Millions of hotel doors vulnerable to attack, researchers find

Security researchers have discovered vulnerabilities in dormakaba’s Saflok electronic locks, which would allow hackers access to rooms and residences in a matter of seconds.

Saflok, an electronic RFID (Radio Frequency Identification) lock, is installed on three million doors on over 13,000 properties worldwide, mostly hotels and multi-family housing environments. All Saflok systems are impacted.

The flaws, dubbed Unsaflok, were first discovered and reported to dormakaba in September of 2022 and disclosed in March 2024 by Lennert Wouters, Ian Carroll, rqu, BusesCanFly, Sam Curry, sshell, and Will Caruana. They were first spotted by Wired.

At the time of writing, not all impacted locks have been updated or replaced. In fact, as per researchers, only 36% of them have been upgraded.

“Upgrading each hotel is an intensive process. All locks require a software update or have to be replaced. Additionally, all keycards have to be reissued, front desk software and card encoders have to be upgraded, and 3rd party integrations (e.g. elevators, parking garages and payment systems) may require additional upgrades,” researchers explained.

Due to the fact that the lion’s share of Saflok’s locks are still vulnerable, they decided to disclose only limited information on vulnerability to “ensure that hotel staff and guests are aware of the potential security concern.”

“It will take an extended period of time for the majority of hotels to be upgraded,” they added.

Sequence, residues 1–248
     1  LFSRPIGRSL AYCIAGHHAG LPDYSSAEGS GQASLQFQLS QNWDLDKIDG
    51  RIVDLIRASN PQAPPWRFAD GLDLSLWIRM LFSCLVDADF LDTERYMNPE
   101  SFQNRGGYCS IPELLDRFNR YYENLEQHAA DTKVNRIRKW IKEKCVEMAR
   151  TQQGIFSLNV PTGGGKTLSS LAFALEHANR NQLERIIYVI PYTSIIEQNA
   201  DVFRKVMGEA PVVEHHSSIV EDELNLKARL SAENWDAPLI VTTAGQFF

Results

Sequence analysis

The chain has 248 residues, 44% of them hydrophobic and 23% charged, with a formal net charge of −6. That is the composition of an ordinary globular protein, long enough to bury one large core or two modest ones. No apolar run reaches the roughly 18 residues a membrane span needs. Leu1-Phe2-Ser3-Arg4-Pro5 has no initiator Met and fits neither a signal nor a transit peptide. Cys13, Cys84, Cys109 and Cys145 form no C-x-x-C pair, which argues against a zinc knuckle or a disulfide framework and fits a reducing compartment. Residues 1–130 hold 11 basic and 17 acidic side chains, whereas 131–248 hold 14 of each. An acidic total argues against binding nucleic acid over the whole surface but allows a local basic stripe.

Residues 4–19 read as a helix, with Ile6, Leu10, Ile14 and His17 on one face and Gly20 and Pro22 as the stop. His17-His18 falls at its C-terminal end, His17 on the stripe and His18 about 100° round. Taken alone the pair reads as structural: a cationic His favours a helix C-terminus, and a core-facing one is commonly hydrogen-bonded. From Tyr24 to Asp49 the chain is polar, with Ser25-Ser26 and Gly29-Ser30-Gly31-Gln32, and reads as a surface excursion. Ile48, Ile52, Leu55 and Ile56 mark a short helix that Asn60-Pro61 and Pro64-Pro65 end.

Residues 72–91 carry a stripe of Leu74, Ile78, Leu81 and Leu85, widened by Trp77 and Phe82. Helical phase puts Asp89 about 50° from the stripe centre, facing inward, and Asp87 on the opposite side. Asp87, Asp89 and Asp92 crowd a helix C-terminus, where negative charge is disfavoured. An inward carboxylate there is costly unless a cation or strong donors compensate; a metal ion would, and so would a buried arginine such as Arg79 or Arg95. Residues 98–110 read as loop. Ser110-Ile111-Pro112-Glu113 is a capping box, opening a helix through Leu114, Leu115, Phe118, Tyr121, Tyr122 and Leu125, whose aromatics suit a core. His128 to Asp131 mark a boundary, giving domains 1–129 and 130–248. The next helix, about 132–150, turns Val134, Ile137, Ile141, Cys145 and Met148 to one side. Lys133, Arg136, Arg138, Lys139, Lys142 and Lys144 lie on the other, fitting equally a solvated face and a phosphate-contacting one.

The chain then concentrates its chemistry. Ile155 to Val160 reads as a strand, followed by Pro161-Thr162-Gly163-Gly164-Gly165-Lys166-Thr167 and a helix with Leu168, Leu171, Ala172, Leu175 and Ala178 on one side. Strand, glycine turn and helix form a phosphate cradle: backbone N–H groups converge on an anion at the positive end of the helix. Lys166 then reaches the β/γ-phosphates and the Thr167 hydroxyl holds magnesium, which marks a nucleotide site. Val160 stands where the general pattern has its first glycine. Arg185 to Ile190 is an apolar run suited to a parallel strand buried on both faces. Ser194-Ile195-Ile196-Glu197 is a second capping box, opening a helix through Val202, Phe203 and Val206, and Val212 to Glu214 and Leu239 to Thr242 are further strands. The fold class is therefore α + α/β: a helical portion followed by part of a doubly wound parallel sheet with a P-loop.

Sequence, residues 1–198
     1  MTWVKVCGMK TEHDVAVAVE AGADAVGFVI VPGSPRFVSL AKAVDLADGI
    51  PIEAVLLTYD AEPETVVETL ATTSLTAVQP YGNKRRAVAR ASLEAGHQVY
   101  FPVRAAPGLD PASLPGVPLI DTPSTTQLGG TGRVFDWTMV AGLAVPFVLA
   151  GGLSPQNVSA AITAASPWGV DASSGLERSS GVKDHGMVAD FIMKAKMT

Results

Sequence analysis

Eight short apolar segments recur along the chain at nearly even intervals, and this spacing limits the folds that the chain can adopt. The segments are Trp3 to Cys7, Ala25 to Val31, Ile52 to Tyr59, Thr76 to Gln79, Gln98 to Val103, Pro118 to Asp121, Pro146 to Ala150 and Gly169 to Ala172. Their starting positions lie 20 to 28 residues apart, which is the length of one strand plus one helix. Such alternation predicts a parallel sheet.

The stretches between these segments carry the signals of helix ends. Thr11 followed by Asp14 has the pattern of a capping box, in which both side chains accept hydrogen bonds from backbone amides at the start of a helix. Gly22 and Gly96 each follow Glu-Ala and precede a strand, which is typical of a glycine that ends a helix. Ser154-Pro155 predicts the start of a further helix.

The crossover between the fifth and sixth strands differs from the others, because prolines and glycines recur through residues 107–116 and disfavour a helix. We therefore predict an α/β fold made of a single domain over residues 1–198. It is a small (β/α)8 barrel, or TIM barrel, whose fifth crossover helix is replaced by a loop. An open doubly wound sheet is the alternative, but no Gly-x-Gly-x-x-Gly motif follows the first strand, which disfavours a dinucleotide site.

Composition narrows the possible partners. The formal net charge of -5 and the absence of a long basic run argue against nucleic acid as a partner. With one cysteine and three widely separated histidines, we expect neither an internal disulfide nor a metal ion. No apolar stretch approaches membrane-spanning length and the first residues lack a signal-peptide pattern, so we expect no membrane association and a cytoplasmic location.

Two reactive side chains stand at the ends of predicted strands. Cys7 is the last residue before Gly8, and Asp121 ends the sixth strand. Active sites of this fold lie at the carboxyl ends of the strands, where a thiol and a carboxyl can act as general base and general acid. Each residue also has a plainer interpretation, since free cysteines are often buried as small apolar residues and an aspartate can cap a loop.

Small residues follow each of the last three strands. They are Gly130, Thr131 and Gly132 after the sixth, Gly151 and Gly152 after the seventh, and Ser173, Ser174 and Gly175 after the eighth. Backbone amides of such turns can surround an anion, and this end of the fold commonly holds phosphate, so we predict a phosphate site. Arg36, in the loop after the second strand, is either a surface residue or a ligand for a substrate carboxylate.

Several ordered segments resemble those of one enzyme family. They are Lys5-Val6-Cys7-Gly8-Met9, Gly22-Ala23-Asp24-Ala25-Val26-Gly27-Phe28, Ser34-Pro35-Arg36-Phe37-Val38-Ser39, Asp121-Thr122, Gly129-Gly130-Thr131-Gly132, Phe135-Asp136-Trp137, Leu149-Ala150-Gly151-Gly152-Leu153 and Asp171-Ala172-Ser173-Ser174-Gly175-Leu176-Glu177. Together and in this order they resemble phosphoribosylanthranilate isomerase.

Interestingly, the locks have been for sale since 1988, meaning the vulnerability has existed for 36 years.

“While we are not aware of any real-world attacks that use these vulnerabilities, it is not impossible that these vulnerabilities are known, and have been used, by others,” researchers said.

All an attacker needs is a keycard from the hotel or property where they want to perform the attack. This can be easily obtained if you book a room in a hotel or swipe an expired keycard.

The hacker would then have to forge two keycards using any MIFARE Classic card and any tool capable of writing data onto these cards.

From there, all the attacker needs to do is tap one card to rewrite a specific part of the lock's data and a second card to open the door.

Hacking into the Saflok system can be carried out using any device capable of reading, writing, and emulating MIFARE Classic cards, the researchers said.

MIFARE cards are a brand of Radio Frequency Identification (RFID) commonly used to access a hotel or apartment complex.

Tools such as Flipper Zero, Proxmark3 or even an NFC-capable Android phone can be used to exploit this vulnerability.

Cybernews has reached out to dormakaba for comment.